Here’s a good one. A prisoner in a Turkish prison goes to the prison library, and asks for a particular
The world I was born into was analogue. That meant film: in my case, mostly Kodak Tri-X, or Ilford FP4.
Now here’s a thing. Going through my photos from Marievale, I came across a nice sequence of images of a
On my left, as I drove slowly onto the causeway that crosses the marsh, was an expanse of dry reeds.
Thanks to Mark Lafer for drawing my attention to the Wikipedia entry on carbon printing – and great to see John Bentley’s name listed, the last entry in the chronological history. If reinforcement is needed, the Wiki article surely reinforces the case for collecting John’s work now, while you can! via Carbon print – Wikipedia, the free encyclopedia.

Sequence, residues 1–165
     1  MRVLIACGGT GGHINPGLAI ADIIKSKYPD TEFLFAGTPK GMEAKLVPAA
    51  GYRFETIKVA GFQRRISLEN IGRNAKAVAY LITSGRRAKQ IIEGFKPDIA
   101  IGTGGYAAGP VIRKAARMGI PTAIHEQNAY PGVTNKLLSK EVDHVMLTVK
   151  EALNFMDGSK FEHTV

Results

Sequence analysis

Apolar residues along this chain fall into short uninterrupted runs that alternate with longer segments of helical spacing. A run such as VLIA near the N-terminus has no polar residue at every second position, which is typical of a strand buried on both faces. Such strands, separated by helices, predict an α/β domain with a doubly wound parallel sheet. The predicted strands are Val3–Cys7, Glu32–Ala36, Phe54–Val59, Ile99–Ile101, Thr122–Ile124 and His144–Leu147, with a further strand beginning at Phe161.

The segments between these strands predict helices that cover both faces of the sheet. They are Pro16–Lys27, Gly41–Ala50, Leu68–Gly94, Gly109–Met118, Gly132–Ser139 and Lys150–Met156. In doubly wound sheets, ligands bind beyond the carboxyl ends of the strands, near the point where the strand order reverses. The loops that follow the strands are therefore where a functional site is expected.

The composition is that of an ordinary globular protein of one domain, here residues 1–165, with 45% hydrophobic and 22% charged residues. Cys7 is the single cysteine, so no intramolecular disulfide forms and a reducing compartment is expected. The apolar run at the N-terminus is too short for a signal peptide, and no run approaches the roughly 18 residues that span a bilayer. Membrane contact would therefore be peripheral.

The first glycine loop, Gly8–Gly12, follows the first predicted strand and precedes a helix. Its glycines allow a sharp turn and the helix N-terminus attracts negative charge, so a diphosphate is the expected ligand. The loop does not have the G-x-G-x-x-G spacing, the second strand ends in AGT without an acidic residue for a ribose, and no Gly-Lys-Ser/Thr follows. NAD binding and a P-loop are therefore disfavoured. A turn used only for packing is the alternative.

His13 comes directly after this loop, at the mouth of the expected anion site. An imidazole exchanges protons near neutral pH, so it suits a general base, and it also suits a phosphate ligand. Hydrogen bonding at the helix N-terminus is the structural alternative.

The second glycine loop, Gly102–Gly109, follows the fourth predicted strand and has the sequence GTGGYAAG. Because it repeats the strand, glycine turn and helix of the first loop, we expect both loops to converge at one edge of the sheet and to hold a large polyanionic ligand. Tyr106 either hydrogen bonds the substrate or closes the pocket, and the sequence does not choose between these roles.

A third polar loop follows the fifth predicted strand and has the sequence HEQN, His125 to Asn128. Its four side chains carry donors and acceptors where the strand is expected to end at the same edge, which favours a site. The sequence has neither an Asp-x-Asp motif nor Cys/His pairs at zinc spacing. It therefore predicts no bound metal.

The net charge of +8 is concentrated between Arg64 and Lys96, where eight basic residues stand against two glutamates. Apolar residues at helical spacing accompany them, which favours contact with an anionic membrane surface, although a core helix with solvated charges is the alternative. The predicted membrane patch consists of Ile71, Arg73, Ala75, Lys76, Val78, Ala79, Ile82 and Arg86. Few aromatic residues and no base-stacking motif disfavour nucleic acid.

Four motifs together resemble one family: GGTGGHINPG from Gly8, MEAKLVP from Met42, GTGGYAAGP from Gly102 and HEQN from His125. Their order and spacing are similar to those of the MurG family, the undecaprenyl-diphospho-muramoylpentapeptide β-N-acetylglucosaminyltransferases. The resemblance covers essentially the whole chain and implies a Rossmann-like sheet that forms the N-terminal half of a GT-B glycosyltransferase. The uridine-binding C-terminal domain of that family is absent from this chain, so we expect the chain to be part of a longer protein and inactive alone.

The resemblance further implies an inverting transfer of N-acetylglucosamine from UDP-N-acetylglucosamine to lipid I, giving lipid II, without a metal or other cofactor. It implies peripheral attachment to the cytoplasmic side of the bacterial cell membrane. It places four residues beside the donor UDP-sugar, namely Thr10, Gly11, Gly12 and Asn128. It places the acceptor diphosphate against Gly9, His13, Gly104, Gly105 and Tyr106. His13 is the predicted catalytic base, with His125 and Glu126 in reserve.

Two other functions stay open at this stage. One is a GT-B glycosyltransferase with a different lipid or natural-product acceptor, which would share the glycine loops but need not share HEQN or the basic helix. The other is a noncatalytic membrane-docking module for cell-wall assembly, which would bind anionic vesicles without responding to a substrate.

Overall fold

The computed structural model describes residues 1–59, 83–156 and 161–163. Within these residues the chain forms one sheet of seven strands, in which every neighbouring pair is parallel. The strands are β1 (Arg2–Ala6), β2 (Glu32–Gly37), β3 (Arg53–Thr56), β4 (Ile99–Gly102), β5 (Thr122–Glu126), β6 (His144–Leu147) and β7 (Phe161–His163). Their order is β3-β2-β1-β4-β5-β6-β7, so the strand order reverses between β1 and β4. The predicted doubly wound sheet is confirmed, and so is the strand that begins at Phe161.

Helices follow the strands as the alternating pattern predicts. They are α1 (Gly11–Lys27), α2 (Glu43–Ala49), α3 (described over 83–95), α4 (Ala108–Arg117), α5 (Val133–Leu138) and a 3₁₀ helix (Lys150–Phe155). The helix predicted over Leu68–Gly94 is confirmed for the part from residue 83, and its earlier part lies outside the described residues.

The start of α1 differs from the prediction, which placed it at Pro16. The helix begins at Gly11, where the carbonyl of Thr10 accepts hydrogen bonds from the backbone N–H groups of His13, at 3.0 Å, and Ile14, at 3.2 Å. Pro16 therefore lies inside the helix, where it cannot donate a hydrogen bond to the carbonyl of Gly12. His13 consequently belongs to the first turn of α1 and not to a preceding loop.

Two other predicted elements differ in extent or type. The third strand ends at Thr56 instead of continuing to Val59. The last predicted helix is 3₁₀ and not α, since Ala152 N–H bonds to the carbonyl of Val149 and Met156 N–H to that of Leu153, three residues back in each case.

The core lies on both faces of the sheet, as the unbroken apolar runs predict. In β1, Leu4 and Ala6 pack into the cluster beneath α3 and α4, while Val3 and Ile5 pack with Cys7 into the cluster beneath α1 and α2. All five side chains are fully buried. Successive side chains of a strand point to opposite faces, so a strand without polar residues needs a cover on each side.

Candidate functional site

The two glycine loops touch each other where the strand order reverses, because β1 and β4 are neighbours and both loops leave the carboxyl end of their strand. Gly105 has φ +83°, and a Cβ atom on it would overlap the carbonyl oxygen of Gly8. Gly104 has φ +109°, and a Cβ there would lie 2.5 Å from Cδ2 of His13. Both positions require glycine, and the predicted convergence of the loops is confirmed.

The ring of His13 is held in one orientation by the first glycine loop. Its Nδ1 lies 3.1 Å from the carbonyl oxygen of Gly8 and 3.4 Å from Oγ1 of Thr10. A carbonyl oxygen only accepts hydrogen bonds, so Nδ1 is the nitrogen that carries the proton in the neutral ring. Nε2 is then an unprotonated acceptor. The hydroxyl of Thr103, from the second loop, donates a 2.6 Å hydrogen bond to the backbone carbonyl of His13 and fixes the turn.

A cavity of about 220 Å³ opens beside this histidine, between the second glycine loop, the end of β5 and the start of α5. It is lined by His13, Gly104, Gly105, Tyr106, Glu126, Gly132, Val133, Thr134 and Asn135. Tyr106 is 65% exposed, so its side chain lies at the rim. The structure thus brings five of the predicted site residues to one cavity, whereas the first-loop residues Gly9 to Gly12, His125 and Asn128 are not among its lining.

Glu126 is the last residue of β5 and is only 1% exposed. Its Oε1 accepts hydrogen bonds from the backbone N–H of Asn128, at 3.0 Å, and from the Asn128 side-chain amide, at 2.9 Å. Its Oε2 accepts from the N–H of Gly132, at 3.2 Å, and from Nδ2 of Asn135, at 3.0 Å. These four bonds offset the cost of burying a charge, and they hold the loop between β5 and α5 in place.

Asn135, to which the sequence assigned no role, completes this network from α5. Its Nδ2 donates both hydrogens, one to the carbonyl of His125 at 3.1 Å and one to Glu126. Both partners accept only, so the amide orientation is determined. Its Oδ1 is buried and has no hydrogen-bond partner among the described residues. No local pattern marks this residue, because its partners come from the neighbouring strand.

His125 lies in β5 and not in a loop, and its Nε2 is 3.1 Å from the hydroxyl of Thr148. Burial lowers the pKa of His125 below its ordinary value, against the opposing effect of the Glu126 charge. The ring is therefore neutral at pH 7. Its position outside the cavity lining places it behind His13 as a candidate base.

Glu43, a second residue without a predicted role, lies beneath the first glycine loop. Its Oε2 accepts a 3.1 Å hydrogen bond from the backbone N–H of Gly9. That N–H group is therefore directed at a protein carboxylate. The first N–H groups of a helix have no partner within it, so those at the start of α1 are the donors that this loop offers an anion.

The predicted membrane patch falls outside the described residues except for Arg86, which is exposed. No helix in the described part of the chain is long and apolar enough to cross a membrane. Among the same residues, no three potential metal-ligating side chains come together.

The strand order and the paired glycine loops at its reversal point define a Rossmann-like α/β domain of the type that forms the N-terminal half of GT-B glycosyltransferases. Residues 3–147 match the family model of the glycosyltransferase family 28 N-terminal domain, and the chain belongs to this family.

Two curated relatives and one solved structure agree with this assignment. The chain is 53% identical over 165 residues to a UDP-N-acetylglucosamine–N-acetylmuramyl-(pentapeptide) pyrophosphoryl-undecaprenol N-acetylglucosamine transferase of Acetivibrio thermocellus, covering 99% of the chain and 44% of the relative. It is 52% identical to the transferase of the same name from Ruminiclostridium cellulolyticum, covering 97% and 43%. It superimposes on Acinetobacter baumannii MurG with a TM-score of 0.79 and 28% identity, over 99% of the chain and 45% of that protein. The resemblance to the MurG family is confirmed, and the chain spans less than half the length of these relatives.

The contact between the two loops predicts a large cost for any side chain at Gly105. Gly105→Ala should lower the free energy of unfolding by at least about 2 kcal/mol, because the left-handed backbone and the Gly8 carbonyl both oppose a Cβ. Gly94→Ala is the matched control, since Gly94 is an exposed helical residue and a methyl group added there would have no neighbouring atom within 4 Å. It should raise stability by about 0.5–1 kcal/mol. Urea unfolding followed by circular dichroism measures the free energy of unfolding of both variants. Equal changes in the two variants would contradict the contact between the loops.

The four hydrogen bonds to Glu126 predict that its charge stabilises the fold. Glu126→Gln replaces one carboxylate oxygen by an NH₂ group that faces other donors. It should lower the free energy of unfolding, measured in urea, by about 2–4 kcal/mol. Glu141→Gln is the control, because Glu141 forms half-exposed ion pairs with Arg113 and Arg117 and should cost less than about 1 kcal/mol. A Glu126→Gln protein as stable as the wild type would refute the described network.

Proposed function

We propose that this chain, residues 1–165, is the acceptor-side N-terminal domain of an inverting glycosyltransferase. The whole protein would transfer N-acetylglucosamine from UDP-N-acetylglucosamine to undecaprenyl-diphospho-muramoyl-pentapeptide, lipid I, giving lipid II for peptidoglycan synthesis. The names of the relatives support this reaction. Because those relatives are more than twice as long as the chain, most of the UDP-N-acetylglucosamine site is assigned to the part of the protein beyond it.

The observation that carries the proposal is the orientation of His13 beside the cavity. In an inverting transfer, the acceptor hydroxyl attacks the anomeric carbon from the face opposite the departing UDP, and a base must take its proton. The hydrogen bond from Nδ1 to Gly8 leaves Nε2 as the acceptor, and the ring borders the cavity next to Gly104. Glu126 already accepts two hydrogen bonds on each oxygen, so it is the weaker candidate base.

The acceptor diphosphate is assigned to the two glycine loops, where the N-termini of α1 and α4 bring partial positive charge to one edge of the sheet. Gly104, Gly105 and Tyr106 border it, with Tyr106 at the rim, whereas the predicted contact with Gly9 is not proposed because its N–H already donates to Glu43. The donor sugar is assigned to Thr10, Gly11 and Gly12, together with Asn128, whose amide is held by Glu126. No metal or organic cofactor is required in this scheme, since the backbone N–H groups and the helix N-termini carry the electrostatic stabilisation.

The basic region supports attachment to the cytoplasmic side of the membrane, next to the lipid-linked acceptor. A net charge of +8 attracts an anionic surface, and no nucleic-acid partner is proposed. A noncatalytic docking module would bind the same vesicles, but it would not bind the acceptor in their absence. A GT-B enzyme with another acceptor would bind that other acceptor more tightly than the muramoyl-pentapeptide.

John Bentley makes the rarest and most gorgeous carbon colour prints the eye can imagine – subtle, voluptuous, detailed, expressive – and is surely an undiscovered artist whose time has come. Rob and I are lucky to own one of his extraordinary prints, ‘Miracle of Order,’ which you will see in the video clip in this piece about the man and his work – if you have any interest in fine art, and in photography, do yourself a favour: read the article and watch the video. In addition to being an artist of huge talent and integrity, John is also a friend and a lovely human being. If you’re interested in his art, and would like to get in touch with him, just let me know. And do refer others to his work, also – I would love to see him getting, finally, the attention and recognition he so hugely deserves. via The Last Colour Carbon Transfer Printer in Canada — Harrowsmith Now.